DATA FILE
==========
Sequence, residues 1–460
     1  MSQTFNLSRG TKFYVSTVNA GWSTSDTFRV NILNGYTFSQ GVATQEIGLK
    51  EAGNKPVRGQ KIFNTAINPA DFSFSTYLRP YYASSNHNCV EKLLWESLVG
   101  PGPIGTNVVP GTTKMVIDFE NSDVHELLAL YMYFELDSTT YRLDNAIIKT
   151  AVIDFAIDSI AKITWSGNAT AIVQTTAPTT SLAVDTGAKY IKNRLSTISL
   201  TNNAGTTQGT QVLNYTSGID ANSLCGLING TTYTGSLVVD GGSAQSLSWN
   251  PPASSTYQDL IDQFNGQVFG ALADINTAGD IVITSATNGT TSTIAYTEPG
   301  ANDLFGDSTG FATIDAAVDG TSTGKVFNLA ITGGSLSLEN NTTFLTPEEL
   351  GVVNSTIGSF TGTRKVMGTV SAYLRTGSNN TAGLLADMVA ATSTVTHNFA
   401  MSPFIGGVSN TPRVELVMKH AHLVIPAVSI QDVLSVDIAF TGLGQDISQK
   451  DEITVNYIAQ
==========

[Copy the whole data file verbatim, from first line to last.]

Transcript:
Sequence, residues 1–460
     1  MSQTFNLSRG TKFYVSTVNA GWSTSDTFRV NILNGYTFSQ GVATQEIGLK
    51  EAGNKPVRGQ KIFNTAINPA DFSFSTYLRP YYASSNHNCV EKLLWESLVG
   101  PGPIGTNVVP GTTKMVIDFE NSDVHELLAL YMYFELDSTT YRLDNAIIKT
   151  AVIDFAIDSI AKITWSGNAT AIVQTTAPTT SLAVDTGAKY IKNRLSTISL
   201  TNNAGTTQGT QVLNYTSGID ANSLCGLING TTYTGSLVVD GGSAQSLSWN
   251  PPASSTYQDL IDQFNGQVFG ALADINTAGD IVITSATNGT TSTIAYTEPG
   301  ANDLFGDSTG FATIDAAVDG TSTGKVFNLA ITGGSLSLEN NTTFLTPEEL
   351  GVVNSTIGSF TGTRKVMGTV SAYLRTGSNN TAGLLADMVA ATSTVTHNFA
   401  MSPFIGGVSN TPRVELVMKH AHLVIPAVSI QDVLSVDIAF TGLGQDISQK
   451  DEITVNYIAQ